Protesting in Putin's Russia
As Russia gears up for parliamentary elections, how is it dealing with dissent?
Plenty has changed since Russia last held elections to parliament. The oil price has plummeted and the economy has shrunk, Crimea has been annexed from Ukraine and Vladimir Putin has returned to the presidency.
It has also become far harder for his critics to stage a protest.
The turning point came after Russia's last elections.
It was 6 May 2012, and the latest in a wave of mass protests sparked by evidence of fraud at the vote.
The rallies had been peaceful for months.
But that day, protesters arriving at Bolotnaya Square were met by rows of riot police.
There was chaos, a crush and then clashes.
Prosecutors classed what happened as a riot and blamed the protesters, but Anna Gaskarova remembers things differently.
The young journalist says her husband had been trying to stop police officers arresting an elderly man when the officers turned on him.
A series of photographs show Alexei Gaskarov with a bloodied face. In one image, she is seen diving into the fray to try to help him.
Mr Gaskarov was arrested almost a year later, after investigators scrolled through video footage.
A well-known left-wing activist, he was sentenced to three and a half years in prison for rioting and assault, charges he denies.
To date, 18 protesters have been imprisoned.
"The Bolotnaya case was a good situation to arrest people from different political camps," Anna Gaskarova says, at her parents' home outside Moscow.
The investigation remains open, and two more men have been arrested since December.
"Everyone now is afraid. They understand… you can be a man or a woman, 20 or 45 years old, you can be of different political views, but you can all go to jail if you go to a demonstration," she says.
Russian officials deny the Bolotnaya case was a crackdown on dissent.
But in the wake of the clashes, Mr Putin approved draconian new laws against protests.
Now, even a silent picket is banned if more than one person takes part.
The fines for breaking the new rules have also soared, and anyone violating those rules repeatedly, faces up to five years behind bars.
Activists say they are increasingly refused official permission to demonstrate.
So when a small crowd gathered to mark the fourth anniversary of the clashes on Bolotnaya Square, they did not bother to apply.
As a result, they were joined by busloads of riot police.
The protesters milled quietly at first at the foot of a statue.
A man sang about the collapse of Communism, strumming on his guitar, as police officers in urban camouflage looked on.
"If I would be in authority, I wouldn't be afraid at all," veteran activist Serge Sharov-Delaunay shrugged, surveying the scene.
"I would let this meeting [happen]. I can't understand."
Then, on the edge of the crowd, a young woman produced a handwritten sign and held it up in silence.
Within a minute, police officers had surrounded her.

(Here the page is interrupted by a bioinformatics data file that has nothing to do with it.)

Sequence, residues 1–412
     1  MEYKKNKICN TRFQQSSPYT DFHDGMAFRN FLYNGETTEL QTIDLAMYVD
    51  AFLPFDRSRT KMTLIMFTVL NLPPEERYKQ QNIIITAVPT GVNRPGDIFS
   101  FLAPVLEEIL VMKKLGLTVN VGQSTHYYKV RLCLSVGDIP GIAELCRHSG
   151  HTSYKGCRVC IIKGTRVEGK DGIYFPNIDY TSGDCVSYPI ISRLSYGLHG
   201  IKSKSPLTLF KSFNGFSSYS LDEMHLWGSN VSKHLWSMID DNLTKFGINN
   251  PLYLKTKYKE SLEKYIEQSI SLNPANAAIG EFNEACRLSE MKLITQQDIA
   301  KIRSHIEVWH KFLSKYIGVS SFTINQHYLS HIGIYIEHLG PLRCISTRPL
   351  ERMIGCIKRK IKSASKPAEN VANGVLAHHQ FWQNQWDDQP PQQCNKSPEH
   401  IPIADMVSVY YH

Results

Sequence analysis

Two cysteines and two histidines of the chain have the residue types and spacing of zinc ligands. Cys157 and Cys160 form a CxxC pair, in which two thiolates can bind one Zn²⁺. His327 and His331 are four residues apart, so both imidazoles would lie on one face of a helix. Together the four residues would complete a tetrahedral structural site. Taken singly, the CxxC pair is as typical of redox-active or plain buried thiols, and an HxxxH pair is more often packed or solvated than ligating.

"Respected citizens, your actions have not been authorised," an officer told the crowd through a megaphone. "Please disperse immediately!"
In response, a protester began quoting Russia's constitution from his mobile phone - Article 31, which guarantees citizens the right to peaceful assembly.
Behind him, police officers were dragging protesters off by their armpits.
Alexei Polikhovich went to the rally that day but left before the arrests started.
He was released from prison last year after serving three years for rioting at the Bolotnaya protest.
He has always denied the charge and the very suggestion there was any riot.
Alexei says he has been cautious since his release, but he has not given up on politics.
"You start to follow these things, the political trials, the issue of political prisoners," he says, adding that what he had discovered had shocked him.
"The charges against us were unfair.
"But at least we were on Bolotnaya Square.
"Now, there is a new case, and he wasn't even there.
"That makes me angry," he says, referring to an anarchist professor arrested last December.
Like most of the Bolotnaya prisoners, A struggled to find work on his release.
But he recently joined the team at OVD-info, a group that describes itself as "monitoring political persecution".
"The idea is simple: that information protects," he says, at his new desk, inside the offices of the human rights group Memorial.
The data collected by OVD-info shows a marked increase in prosecutions it defines as political.
The group also notes a rise in prosecutions for political posts on social media.
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Such changes concern Anna Gaskarova as she prepares for her husband's release in October.
"I'm not sure Alexei really understands what country he is going to live in," she says, as she puts together a food parcel for another prison visit.
"He can easily make some problems again, if he [does] things that are not allowed now. And it's a really big list of things."
Anna Gaskarova believes the tough new restrictions have scared many Russians off protesting and sent them into what she calls a "political coma".
But it was Alexei's political activism that attracted her to him in the first place.
"I am not sure that we will be just sitting at home when there will be any demonstrations," she says, as she stuffs cartons full of plump pancakes and cabbage rolls.
"We are not afraid, but we will of course try to understand what risk do we have not to get in jail again."